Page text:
There is simply no guarantee that God will infuse a human soul into a human copy and cooperate with man’s idolatry of himself.

The cloning of humans is an unprecedented step in contemporary man’s attempt to usurp the rights and the authority of God. God forgive us. God stop us.


Taking Science on Faith

Science, we are repeatedly told, is the most reliable form of knowledge about the world because it is based on testable hypotheses. Religion, by contrast, is based on faith. The term “doubting Thomas” well illustrates the difference. In science, a healthy skepticism is a professional necessity, whereas in religion, having belief without evidence is regarded as a virtue.

The problem with this neat separation into “non-overlapping magisteria,” as Stephen Jay Gould described science and religion, is that science has its own faith-based belief system. All science proceeds on the assumption that nature is ordered in a rational and intelligible way. You couldn’t be a scientist if you thought the universe was a meaningless jumble of odds and ends haphazardly juxtaposed. When physicists probe to a deeper level of subatomic structure, or astronomers extend the reach of their instruments, they expect to encounter additional elegant mathematical order. And so far this faith has been justified.

The most refined expression of the rational intelligibility of the cosmos is found in the laws of physics, the fundamental rules on which nature runs. The laws of gravitation and electromagnetism, the laws that regulate the world within the atom, the laws of motion — all are expressed as tidy mathematical relationships. But where do these laws come from? And why do they have the form that they do?

When I was a student, the laws of physics were regarded as completely off limits. The job of the scientist, we were told, is to discover the laws and apply them, not inquire into their provenance. The laws were treated as “given” — imprinted on the universe like a maker’s mark at the moment of cosmic birth — and fixed forevermore. Therefore, to be a scientist, you had to have faith that the universe is governed by dependable, immutable, absolute, universal, mathematical laws of an unspecified origin. You’ve got to believe that these laws won’t fail, that we won’t wake up tomorrow to find heat flowing from cold to hot, or the speed of light changing by the hour.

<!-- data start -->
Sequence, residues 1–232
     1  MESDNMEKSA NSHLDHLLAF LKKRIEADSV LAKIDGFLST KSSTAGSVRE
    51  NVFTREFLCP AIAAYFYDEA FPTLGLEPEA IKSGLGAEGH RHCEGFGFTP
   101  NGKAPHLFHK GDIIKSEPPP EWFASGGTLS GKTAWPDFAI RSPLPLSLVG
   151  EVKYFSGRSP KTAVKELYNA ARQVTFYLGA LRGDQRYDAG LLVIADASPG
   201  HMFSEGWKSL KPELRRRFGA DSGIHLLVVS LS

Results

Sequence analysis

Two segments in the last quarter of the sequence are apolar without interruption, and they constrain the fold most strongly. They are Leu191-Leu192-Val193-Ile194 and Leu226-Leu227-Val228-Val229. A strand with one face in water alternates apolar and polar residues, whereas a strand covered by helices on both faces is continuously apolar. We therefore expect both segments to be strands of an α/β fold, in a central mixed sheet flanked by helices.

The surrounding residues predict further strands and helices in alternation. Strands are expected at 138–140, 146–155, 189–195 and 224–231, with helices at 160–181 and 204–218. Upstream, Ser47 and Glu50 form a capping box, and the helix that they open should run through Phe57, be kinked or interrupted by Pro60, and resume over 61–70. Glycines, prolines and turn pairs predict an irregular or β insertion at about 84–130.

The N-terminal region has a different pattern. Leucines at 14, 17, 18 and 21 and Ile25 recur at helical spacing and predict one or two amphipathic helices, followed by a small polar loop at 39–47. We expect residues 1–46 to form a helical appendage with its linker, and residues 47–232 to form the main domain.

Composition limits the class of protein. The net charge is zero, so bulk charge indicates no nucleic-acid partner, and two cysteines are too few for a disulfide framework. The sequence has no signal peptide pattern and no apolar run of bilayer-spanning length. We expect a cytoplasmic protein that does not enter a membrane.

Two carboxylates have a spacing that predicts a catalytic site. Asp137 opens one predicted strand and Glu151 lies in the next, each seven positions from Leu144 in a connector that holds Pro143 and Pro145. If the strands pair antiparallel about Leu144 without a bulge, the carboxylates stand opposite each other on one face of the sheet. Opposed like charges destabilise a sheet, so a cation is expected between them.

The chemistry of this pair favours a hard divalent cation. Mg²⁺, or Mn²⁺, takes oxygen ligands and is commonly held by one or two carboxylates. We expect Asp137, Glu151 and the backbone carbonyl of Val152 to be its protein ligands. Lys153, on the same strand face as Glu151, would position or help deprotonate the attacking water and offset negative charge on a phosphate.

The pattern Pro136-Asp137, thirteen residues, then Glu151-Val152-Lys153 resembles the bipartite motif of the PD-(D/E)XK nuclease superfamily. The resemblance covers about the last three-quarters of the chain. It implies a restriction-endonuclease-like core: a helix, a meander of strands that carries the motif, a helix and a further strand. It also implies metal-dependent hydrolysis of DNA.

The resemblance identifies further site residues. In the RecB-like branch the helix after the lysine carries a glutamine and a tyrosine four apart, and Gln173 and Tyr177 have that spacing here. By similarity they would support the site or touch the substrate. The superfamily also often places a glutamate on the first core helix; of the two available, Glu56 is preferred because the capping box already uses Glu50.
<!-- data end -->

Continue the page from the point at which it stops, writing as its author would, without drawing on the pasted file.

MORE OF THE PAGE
Over the years I have often asked my physicist colleagues why the laws of physics are what they are. The answers vary from “that’s not a scientific question” to “nobody knows.” The favorite reply is, “There is no reason they are what they are — they just are.” The idea that the laws exist reasonlessly is deeply anti-rational. After all, the very essence of a scientific explanation of some phenomenon is that the world is ordered logically and that there are reasons things are as they are. If one traces these reasons all the way down to the bedrock of reality — the laws of physics — only to find that reason then deserts us, it makes a mockery of science.

Can the mighty edifice of physical order we perceive in the world about us ultimately be rooted in reasonless absurdity? If so, then nature is a fiendishly clever bit of trickery: meaninglessness and absurdity somehow masquerading as ingenious order and rationality.

Although scientists have long had an inclination to shrug aside such questions concerning the source of the laws of physics, the mood has now shifted considerably. Part of the reason is the growing acceptance that the emergence of life in the universe, and hence the existence of observers like ourselves, depends rather sensitively on the form of the laws. If the laws of physics were just any old ragbag of rules, life would almost certainly not exist.

A second reason that the laws of physics have now been brought within the scope of scientific inquiry is the realization that what we long regarded as absolute and universal laws might not be truly fundamental at all, but more like local bylaws. They could vary from place to place on a mega-cosmic scale. A God’s-eye view might reveal a vast patchwork quilt of universes, each with its own distinctive set of bylaws. In this “multiverse,” life will arise only in those patches with bio-friendly bylaws, so it is no surprise that we find ourselves in a Goldilocks universe — one that is just right for life. We have selected it by our very existence.

The multiverse theory is increasingly popular, but it doesn’t so much explain the laws of physics as dodge the whole issue. There has to be a physical mechanism to make all those universes and bestow bylaws on them. This process will require its own laws, or meta-laws. Where do they come from? The problem has simply been shifted up a level from the laws of the universe to the meta-laws of the multiverse.

Clearly, then, both religion and science are founded on faith — namely, on belief in the existence of something outside the universe, like an unexplained God or an unexplained set of physical laws, maybe even a huge ensemble of unseen universes, too. For that reason, both monotheistic religion and orthodox science fail to provide a complete account of physical existence.